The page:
The National Institute of Dental and Craniofacial Research (NIDCR), part of the National Institutes of Health (NIH), has awarded Brian Schmidt, DDS, MD, PhD, of the Bluestone Center for Clinical Research at New York University College of Dentistry (NYU Dentistry) and Nigel Bunnett, PhD, of Columbia University’s Departments of Surgery and Pharmacology, a $3.7 million, five-year grant to study proteases and neuronal signaling responsible for oral cancer pain.
Oral cancer is notoriously painful. The pain signaling mechanisms responsible for cancer pain are not well understood. Drs. Schmidt and Bunnett seek to identify the proteases – or enzymes that catalyze the breakdown of proteins – and signaling pathways that initiate and sustain oral cancer pain.
Drs. Bunnett and Schmidt collaboratively investigated the role of proteases in oral cancer pain in 2009 when they were both faculty at the University of California San Francisco. Dr. Schmidt moved to NYU Dentistry in 2010 and Dr. Bunnett moved to Monash University in Australia in 2011. In August, 2016, Dr. Bunnett accepted the position of Vice Chair of Research in Surgery and Professor of Surgery and Pharmacology at Columbia University; once again in the same city, Drs. Bunnett and Schmidt renewed their collaboration.
Dr. Bunnett is an internationally recognized expert on G protein-coupled receptors (GPCR); over many years he investigated how proteases and a specific GPCR termed PAR2 (protease-activated receptor 2), mediate neurogenic inflammation and pain. PAR2 is a signaling receptor that can be activated on the surface of a cell. Dr. Bunnett’s landmark Nature Medicine publication in 2000 on the role of PAR2 and neurogenic inflammation set the stage for pioneering work that determined the role of PAR2 and TRPV (a pain-related receptor) in colitis, neurogenic inflammation, and pain. The role of PAR2 in cancer pain, however, remained unexplored. According to Dr. Bunnett, “Brian and I hypothesized that proteases (which we found at high levels in oral cancers), probably induce pain by activating PAR2 on oral nociceptors (nerves that initiate pain signals). Manipulation of the protease/PAR2 axis stands out as a potential therapeutic approach to pain.”
More recently Dr. Bunnett investigated PAR2 and endosomal signaling. During the signaling process an activated cell surface receptor, such as PAR2, is internalized within endosomes – small membrane-bound compartments within a cell. Dr. Bunnett adds, “An activated receptor apparently continues its signaling role while contained in an endosome; to confirm this finding I investigated delivery of pain attenuating drugs into endosomes.” Drs. Bunnett and Schmidt now propose to delineate the mechanism by which proteases associated with oral cancer initiate pain signaling through cell surface receptors and subsequently through endosomal signaling.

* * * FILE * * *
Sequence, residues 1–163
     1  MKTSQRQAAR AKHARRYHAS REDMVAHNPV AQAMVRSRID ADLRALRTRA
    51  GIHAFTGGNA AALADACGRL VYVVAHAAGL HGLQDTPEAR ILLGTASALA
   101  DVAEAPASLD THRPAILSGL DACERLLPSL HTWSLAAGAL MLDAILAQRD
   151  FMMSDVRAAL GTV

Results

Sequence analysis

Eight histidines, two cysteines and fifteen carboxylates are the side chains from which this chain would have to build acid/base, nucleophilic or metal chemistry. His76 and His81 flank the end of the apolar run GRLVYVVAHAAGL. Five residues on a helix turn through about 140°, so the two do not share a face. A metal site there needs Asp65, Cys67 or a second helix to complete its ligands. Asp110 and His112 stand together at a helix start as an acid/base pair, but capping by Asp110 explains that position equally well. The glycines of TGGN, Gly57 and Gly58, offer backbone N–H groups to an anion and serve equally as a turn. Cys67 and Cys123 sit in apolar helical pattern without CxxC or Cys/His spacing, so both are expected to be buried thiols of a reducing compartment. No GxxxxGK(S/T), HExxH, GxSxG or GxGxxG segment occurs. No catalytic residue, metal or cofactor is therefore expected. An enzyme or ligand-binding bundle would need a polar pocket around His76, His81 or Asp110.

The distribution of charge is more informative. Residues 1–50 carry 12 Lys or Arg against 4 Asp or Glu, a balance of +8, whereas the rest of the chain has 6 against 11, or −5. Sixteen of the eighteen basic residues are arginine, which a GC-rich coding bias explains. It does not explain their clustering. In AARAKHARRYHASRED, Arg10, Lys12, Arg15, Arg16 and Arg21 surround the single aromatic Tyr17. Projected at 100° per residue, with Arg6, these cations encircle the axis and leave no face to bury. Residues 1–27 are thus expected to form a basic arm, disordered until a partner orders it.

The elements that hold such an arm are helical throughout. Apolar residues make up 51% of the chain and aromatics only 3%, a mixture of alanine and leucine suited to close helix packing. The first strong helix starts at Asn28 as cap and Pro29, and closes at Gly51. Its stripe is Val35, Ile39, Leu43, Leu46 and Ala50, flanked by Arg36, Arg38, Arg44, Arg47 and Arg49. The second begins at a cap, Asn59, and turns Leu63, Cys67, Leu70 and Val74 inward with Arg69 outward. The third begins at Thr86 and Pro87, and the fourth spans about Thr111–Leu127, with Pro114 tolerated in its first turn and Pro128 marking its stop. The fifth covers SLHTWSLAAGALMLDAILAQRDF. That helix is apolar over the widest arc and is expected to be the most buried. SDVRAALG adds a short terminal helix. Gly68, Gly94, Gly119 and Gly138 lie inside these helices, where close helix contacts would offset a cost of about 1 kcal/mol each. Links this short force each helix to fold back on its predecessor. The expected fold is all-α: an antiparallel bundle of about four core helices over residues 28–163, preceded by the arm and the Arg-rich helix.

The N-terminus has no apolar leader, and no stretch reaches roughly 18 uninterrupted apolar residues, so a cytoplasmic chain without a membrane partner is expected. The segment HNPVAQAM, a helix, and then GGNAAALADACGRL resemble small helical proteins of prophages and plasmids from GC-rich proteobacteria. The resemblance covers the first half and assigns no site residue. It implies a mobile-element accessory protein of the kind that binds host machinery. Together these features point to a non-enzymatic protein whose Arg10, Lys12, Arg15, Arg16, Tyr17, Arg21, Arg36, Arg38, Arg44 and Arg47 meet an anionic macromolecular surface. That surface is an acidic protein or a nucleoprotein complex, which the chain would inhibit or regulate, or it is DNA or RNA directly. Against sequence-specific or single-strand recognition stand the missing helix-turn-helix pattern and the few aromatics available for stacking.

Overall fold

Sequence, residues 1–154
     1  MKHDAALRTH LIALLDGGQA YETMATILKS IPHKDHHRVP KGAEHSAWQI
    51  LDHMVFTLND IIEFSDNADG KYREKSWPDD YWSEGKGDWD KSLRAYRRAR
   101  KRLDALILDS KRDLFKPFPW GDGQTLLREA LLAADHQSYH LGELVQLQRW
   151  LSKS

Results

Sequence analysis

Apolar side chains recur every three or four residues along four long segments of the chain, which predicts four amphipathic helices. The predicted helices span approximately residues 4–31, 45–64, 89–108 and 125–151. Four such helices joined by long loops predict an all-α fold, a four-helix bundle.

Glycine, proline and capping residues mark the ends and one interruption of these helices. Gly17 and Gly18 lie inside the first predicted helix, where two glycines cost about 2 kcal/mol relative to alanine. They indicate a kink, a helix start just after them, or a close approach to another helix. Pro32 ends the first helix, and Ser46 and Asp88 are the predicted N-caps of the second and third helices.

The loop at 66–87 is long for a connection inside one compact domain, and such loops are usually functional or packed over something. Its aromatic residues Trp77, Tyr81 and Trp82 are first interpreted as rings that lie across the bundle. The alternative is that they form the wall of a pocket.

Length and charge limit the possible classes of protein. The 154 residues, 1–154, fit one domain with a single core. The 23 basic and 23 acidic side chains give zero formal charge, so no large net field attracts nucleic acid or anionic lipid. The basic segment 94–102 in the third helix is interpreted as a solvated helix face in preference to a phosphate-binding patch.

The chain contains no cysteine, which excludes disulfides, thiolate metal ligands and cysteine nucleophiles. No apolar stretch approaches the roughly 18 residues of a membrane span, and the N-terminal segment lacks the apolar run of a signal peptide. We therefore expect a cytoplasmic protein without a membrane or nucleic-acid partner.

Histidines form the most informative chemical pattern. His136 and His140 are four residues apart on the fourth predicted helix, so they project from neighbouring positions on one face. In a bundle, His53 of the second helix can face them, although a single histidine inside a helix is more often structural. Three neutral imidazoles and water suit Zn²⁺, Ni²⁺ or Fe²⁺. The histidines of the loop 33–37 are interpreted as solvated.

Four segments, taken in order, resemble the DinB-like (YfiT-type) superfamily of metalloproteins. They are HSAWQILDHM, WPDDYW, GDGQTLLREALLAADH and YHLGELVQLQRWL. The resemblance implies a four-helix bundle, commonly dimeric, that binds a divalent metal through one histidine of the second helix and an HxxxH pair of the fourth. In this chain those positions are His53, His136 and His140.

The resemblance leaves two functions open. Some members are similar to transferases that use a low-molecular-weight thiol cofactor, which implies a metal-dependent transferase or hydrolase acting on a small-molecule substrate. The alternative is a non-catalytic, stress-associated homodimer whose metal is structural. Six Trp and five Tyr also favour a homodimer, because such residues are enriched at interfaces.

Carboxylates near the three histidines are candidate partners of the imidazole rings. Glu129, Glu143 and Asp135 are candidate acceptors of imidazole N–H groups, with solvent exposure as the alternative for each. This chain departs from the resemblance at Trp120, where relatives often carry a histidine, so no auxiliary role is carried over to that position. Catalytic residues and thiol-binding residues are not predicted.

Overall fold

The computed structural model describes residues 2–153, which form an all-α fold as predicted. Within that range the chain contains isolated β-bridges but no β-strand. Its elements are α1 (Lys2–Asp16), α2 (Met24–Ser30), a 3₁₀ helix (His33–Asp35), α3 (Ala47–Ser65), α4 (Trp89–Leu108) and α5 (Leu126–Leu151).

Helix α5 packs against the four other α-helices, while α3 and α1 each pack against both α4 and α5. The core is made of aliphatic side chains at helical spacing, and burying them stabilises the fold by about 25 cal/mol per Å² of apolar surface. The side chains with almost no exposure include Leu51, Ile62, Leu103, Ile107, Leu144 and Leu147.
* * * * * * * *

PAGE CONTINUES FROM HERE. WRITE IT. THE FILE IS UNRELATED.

Dr. Schmidt’s research program is dedicated to laboratory and clinical investigation of oral cancer pain. Dr. Schmidt describes his current collaboration with Dr. Bunnett as “the culmination of many years of work related to proteases, PAR2, and pain. Using drugs designed by Dr. Bunnett’s lab, we can trace pain signaling at a molecular level within the nerve.” Dr. Schmidt describes Dr. Bunnett’s research on PAR2 as profoundly informative for his work on the molecular mechanisms responsible for oral cancer pain. Dr. Schmidt states, “Dr. Bunnett’s work on GPCR signaling has challenged dogma within the field and refined our understanding of how proteases signal on the cell surface and within intracellular compartments.”
Drs. Bunnett and Schmidt now seek to unequivocally identify tumor-generated proteases and define the signaling pathway from proteases to receptors on the surface of a nerve to the endosomes within the nerve. Dr. Schmidt will utilize pain severity data gathered from his patients along with oral cancer tissue obtained during surgical resection. “My laboratory will study patient tissues to reveal the cellular origin of the proteases,” says Dr. Schmidt. Dr. Bunnett will use high-resolution imaging and molecular probes on patient tumors to track the GPCR intracellularly after cell surface activation. “This work has obvious implications for treating patients,” says Dr. Schmidt, “and may lay the foundation for development of a new class of drugs to treat cancer pain and chronic pain without opioids.”
The research is funded under NIH/NIDCR R01 grant number: R01DE026806-01A1 (Schmidt/Bunnett).